I had a long talk with our counterpart group, the Sons of Union Veterans of the Civil War.   Like us, they are having a membership problem and at one time were down to just one camp in the state, but now they are coming back with eight camps and almost 200 members.  At one time we had more SCV members in the state than there were SUV.

A Good Day Here in Springfield.  --Old Secesh

Friday, April 19, 2013

Confederates Coming to Springfield, Illinois

Tomorrow the Illinois Division of the Sons of Confederate Veterans (SCV) of the Army of the Tennessee will be holding its annual meeting in Springfield, Illinois.   (That's right, Abraham Lincoln's home town.) 

Representatives form the eight SCV camps in the state will be there, including myself from the Camp Douglas camp.  Maybe, I'll get reupped for this year.

Business will be held in the morning, followed by a presentation in the afternoon.

Lunch, as they say, will be served.

Afterwards, I plan to hit some nightlife in the city, including Capital City, Lake Springfield Tap, Curve Inn and the Southside Tap.  All of these places are on the original Route 66, another reason for going to Springfield.

Compatriots All.  --Old Secesh

Pennsylvania's Columbia-Wrightsville Bridge-- Part 3

So, the bridge was burned on June 28th.  Confederates had been planning to cross it, but with it gone, they had to change plans and ended up coming together at the small crossroads town of Gettysburg, and the rest is history.

Afterwards, the Columbia Bank and Bridge Company appealed to Congress for reimbursement, but never received any money.  In 1864, they sold the piers and what little remained of the bridge to the Pennsylvania Railroad for $57,000.

A third bridge was begun in 1868 and this one cost $400,000.  It remained in use until a hurricane in 1896 destroyed it.

The fourth bridge at the site was known as the Pennsylvania Railroad Iron Bridge and built in just two months using prefabricated sections.  It was built on those original 27 piers.  By 1928, the Lincoln Highway's vehicular traffic over it got to be a real problem.  Traffic jams were the rule of the day, especially when vehicles had to stop and wait for trains.  It remained open until 1958 when the new Veterans Memorial Bridge was built.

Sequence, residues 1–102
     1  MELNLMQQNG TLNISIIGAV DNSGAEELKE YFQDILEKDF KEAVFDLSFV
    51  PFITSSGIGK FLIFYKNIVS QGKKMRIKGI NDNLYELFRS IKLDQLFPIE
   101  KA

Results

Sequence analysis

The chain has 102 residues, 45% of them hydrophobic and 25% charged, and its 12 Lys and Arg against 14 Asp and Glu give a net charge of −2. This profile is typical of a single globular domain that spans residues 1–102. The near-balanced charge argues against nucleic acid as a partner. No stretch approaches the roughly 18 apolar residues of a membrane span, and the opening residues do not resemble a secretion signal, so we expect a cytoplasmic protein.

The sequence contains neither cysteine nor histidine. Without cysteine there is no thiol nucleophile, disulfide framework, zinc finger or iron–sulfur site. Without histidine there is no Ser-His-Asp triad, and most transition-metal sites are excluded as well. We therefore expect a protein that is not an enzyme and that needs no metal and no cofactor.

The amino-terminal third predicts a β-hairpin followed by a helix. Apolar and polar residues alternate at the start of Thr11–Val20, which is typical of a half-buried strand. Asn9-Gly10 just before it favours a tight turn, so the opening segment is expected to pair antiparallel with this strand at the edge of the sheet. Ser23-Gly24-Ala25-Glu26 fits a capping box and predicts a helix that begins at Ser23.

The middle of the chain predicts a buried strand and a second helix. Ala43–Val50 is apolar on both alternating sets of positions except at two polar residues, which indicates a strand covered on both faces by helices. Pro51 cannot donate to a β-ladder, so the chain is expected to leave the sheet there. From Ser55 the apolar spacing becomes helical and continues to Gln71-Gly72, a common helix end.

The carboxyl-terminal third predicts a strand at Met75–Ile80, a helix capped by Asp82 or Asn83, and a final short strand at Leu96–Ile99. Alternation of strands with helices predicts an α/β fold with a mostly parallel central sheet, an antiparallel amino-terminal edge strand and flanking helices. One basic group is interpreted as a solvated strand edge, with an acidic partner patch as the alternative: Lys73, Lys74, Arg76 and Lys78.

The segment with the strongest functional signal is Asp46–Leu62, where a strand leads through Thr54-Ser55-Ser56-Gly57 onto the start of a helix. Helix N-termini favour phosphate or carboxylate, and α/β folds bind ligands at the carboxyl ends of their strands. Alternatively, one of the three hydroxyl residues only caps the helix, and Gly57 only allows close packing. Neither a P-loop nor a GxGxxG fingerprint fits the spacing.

Crossing That bridge When We Come to It.  --Old Secesh

Thursday, April 18, 2013

Pennsylania's Wrightsville-Columbia Bridge-- Part 2

In 1840, the bridge was modified and towpaths were set at different levels so canal boats could cross the Susquehanna Rover between the Pennsylvania Canal on the Columbia side and the Susquehanna and Tidewater Canal on the Wrightsville side.  So, that explains the canal boats.  Two canals were connected by the river.

Sometime after 1846, a double track railroad was built across the bridge linking the Philadelphia and Columbia Railroad and the Northern Central Railway.  Fearing a fire caused by the locomotive (it was a covered bridge after all, rail cars were pulled across the bridge by teams of mules and horses.


The bridge was burned June 28, 1863 to prevent Confederates from crossing over from Wrightsville.  Union forces first attempted to blow it up, but failed.  It was then burned.

More to Come.  --Old Secesh

Pennsylvania's Columbia-Wrightsville Bridge-- Part 1

From Wikipedia

I'd never heard of this bridge or the role it played in causing the Battle of Gettysburg.  In addition, that was one huge bridge for that time or even today.  Actually, the one that was burned war not the first bridge at the site, nor was its replacement the last.

The first bridge over the Susquehanna at that point was begun in 1812, a covered bridge and completed in 1814 (good thing the war did not intrude on that area).  It cost $231,771 and was a mile long, at 5,690 feet, 30 feet wide and tolls were $1.50 for a wagon and six horses.

It was destroyed by ice, high water and severe weather February 5, 1832.

Construction on its replacement began in mid-1832 and was completed in 1834, at the cost of $157,300. (I imagine they used some of the original piers.  This new one was, at 5,620 feet, the world's longest covered bridge, 28 feet wide and held up by 27 piers.  It had a carriage/wagon way, a walking path and two towpaths to guide canal traffic across the river (now, that is a bit confusing, a bridge for canal traffic?)

Tolls were $1 a wagon and 6 cents a pedestrian.

More to Come.  --Old Secesh

Wednesday, April 17, 2013

Burning of the Columbia Bridge (Pa) to be Commemorated

From the April 6, 2013, Lehigh Valley (Pa) Morning Call "Events celebrate burning of key Columboa bridge during Civil War" by Diane W. Stoneback.

The event will be called "Flames Across the Susquehanna"  and will take place from 7-10 PM June 28th, marking the 150th anniversary of the burning of the mile-long covered bridge over the Susquehanna River between Columbia and Wrightsville.

This was a big reason why the Confederates ended up going to Gettysburg as they were stopped from marching north or east.  Instead, they ended up in  Gettysburg and we all know how that turned out.